Deer

111 species

Deer are hoofed ruminant mammals members of the family Cervidae. The two main groups of deer are the Cervinae, including the muntjac, the elk (wapiti), the red deer, and the fallow deer; and the Capreolinae, including the reindeer (caribou), white-tailed deer, the roe deer, and the moose. Male deer of all species (except the water deer) as well as female reindeer, grow and shed new antlers each year. The coat color of these animals generally varies between red and brown, though it can be as dark as chocolate brown in the tufted deer or have a grayish tinge as in elk. Nearly all deer have a facial gland in front of each eye that contains a strongly scented pheromone, used to mark its home range. Bucks of a wide range of species open these glands wide when angry or excited. All deer species are excellent jumpers and swimmers. They are browsers, and feed primarily on the foliage of grasses, sedges, forbs, shrubs, and trees, secondarily on lichens in northern latitudes during winter. Nearly all deer are so-called uniparental species: the fawns are only cared for by the mother, known as a doe. A doe generally has one or two fawns at a time and the fawn and its mother stay together for about one year. A male usually leaves and never sees his mother again, but females sometimes come back with their own fawns and form small herds.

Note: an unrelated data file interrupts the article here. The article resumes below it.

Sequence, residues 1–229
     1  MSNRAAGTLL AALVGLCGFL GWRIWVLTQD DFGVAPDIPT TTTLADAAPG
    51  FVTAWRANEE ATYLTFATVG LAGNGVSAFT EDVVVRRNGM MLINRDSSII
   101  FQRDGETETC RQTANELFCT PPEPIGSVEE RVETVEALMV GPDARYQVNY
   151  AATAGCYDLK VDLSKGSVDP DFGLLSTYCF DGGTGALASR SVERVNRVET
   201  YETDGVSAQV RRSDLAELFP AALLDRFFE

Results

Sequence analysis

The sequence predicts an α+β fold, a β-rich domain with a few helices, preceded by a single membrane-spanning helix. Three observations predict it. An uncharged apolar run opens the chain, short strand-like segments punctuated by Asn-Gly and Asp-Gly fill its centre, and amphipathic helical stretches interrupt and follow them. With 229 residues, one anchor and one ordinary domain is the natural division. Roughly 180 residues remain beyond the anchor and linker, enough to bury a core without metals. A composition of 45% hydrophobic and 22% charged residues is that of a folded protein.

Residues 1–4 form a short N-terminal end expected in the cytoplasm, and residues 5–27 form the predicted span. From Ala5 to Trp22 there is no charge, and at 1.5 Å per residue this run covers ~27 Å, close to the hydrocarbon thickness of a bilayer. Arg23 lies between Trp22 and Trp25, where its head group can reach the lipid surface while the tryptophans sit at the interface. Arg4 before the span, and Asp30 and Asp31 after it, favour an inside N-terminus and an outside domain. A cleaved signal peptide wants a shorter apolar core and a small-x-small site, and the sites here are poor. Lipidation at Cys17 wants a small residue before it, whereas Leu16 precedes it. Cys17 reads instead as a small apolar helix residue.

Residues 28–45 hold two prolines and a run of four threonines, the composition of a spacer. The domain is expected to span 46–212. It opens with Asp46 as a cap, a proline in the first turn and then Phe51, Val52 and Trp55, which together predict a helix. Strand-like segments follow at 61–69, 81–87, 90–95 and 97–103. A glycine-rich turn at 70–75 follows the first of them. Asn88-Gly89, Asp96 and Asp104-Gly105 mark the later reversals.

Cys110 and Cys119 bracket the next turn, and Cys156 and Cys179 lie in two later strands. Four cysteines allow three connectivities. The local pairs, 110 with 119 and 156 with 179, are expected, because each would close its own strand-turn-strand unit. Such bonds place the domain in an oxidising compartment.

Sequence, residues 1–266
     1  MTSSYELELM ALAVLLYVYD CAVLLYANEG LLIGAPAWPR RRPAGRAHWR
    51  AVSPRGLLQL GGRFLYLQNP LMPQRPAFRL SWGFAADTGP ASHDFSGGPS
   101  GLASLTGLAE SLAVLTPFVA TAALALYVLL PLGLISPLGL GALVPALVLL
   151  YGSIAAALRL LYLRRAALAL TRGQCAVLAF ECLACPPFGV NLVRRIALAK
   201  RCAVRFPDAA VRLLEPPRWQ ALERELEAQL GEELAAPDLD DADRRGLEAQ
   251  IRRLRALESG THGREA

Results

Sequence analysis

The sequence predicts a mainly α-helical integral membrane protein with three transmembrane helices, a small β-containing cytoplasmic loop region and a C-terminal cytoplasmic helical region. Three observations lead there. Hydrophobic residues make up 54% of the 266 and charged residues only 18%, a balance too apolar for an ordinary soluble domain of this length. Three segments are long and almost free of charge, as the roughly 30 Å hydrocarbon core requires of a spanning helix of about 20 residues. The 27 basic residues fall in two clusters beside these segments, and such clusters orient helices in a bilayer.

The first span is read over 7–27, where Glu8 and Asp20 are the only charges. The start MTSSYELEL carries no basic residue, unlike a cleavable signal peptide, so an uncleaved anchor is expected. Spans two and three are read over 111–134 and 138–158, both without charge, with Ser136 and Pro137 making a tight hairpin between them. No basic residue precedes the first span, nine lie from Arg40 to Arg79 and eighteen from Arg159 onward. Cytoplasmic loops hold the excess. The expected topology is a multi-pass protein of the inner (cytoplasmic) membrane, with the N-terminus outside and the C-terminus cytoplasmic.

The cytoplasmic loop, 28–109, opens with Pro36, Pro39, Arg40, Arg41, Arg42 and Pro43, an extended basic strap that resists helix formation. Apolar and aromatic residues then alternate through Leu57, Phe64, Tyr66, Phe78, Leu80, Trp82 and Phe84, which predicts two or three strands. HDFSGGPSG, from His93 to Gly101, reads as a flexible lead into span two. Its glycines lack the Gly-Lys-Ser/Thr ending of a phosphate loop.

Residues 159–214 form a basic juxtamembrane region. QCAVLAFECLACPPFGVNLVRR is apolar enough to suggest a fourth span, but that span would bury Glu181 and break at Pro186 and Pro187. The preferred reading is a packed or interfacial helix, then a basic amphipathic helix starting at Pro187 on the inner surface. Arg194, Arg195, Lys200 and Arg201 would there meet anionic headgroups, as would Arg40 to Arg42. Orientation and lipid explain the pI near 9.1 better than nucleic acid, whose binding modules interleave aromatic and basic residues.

Deer are hoofed ruminant mammals members of the family Cervidae. The two main groups of deer are the Cervinae, including the muntjac, the elk (wapiti), the red deer, and the fallow deer; and the Capreolinae, including the reindeer (caribou), white-tailed deer, the roe deer, and the moose. Male deer of all species (except the water deer) as well as female reindeer, grow and shed new antlers each year. The coat color of these animals generally varies between red and brown, though it can be as dark as chocolate brown in the tufted deer or have a grayish tinge as in elk. Nearly all deer have a facial gland in front of each eye that contains a strongly scented pheromone, used to mark its home range. Bucks of a wide range of species open these glands wide when angry or excited. All deer species are excellent jumpers and swimmers. They are browsers, and feed primarily on the foliage of grasses, sedges, forbs, shrubs, and trees, secondarily on lichens in northern latitudes during winter. Nearly all deer are so-called uniparental species: the fawns are only cared for by the mother, known as a doe. A doe generally has one or two fawns at a time and the fawn and its mother stay together for about one year. A male usually leaves and never sees his mother again, but females sometimes come back with their own fawns and form small herds.